To take account of the prospect of her achieving the rank of Warrant Officer 1 there would be a further uplift in the calculation of the third element by increasing the value of the pension rights to which the Claimant would have been entitled if she had retired in the rank of Sergeant by an amount equal to 15% of the additional value of the rights to which she would have been entitled if she had retired in the rank of Warrant Officer 1.

As to the disadvantage on the open labour market there was a 25% chance of osteoarthritis developing to such an extent that the Claimant would be required to undertake a more sedentary type of work. In the light of the medical evidence there was sufficient material before the Judge to enable him to find that there was a more than insignificant risk that the Claimant would develop osteoarthritis sufficiently severely to force her to give up practice as an active physiotherapist and require her to accept a more sedentary type of employment. If that happened she might find herself looking for a new job in about 25 years time when she would be in her early 50’s. She would be likely then to suffer some degree of disadvantage. The award of £18,383.00 was too high. More appropriate would be something approaching 4 months earnings and the award would be restored but reduced to £5,000.00.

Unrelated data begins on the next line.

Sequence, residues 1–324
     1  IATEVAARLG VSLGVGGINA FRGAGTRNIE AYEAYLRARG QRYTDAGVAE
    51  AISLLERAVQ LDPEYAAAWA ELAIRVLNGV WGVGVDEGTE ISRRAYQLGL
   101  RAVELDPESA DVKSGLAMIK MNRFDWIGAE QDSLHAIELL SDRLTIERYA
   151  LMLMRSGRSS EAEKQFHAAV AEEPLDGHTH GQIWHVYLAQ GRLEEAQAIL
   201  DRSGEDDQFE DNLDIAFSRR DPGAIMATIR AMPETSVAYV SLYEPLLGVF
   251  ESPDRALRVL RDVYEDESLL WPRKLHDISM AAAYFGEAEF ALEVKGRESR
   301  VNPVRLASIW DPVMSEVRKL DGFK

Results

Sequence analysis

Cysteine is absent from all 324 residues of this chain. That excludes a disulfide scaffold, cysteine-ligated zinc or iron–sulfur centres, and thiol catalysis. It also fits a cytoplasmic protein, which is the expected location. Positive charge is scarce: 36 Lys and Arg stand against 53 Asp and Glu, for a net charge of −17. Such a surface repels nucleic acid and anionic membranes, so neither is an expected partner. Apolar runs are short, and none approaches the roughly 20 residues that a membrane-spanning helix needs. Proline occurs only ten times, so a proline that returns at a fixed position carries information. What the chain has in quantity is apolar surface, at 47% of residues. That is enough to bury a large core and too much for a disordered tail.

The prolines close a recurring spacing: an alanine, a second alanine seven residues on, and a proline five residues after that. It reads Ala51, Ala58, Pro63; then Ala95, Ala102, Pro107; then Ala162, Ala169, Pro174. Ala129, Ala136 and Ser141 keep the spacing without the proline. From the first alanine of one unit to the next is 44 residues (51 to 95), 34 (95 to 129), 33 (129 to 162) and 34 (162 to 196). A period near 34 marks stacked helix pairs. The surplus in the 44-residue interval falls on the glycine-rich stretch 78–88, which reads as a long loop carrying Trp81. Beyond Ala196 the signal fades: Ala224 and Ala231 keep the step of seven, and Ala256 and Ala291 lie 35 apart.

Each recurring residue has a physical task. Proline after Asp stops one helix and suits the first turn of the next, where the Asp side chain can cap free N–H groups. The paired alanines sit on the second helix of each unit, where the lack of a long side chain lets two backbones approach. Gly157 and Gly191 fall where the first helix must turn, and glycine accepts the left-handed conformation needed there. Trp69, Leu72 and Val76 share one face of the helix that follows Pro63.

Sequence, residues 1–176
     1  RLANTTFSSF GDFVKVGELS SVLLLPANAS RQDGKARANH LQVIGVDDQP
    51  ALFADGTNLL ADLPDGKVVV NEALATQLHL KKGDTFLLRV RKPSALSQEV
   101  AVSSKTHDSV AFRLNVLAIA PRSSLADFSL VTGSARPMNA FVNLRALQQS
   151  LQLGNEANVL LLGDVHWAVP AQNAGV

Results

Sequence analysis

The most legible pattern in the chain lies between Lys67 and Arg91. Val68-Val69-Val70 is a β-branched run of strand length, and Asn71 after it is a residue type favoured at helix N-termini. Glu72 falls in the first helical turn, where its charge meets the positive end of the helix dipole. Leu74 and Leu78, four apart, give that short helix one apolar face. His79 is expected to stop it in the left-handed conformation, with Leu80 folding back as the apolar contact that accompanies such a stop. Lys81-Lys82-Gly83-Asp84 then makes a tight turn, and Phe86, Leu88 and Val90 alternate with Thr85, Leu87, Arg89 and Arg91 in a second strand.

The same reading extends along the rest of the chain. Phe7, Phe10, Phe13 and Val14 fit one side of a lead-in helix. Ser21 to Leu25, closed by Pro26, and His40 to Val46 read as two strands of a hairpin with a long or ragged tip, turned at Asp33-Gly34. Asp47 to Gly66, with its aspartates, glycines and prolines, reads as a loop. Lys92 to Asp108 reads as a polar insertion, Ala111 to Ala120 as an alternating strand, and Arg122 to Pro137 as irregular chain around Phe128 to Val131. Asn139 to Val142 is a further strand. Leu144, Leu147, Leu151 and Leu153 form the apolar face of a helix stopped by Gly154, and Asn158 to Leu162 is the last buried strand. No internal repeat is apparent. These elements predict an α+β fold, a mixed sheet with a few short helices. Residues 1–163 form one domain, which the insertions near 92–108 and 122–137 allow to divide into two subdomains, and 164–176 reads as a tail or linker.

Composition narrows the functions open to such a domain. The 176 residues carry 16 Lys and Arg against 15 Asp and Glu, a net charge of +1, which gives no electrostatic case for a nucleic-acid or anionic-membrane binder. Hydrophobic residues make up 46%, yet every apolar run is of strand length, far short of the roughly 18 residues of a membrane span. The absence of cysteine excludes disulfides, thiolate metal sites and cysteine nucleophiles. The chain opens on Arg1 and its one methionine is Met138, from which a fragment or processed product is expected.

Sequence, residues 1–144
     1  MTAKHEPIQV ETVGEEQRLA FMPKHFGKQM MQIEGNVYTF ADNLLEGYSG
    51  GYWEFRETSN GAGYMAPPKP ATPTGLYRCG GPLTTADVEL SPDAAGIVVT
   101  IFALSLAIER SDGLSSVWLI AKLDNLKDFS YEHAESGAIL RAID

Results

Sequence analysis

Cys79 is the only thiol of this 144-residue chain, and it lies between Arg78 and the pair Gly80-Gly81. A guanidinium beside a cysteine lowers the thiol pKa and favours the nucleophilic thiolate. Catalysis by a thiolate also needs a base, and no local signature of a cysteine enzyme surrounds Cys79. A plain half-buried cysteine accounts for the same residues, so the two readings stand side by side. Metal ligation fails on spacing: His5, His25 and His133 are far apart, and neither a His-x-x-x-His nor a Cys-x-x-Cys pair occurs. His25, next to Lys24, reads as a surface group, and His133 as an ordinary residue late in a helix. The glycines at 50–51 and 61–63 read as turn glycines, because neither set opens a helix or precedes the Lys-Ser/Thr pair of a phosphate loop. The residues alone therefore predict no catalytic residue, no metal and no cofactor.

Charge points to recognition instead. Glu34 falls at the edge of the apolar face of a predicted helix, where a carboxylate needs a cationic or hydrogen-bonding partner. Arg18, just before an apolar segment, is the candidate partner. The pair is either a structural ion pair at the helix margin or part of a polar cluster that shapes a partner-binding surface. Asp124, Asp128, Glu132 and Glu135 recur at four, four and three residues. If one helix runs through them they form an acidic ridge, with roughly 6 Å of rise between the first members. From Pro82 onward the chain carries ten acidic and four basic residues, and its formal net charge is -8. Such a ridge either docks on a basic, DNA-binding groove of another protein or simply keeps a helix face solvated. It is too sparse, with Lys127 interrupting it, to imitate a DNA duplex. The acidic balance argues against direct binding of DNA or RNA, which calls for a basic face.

Appeal and cross Appeal allowed.

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The content on this page is provided for the purposes of general interest and information. It contains only brief summaries of aspects of the subject matter and does not provide comprehensive statements of the law. It does not constitute legal advice and does not provide a substitute for it.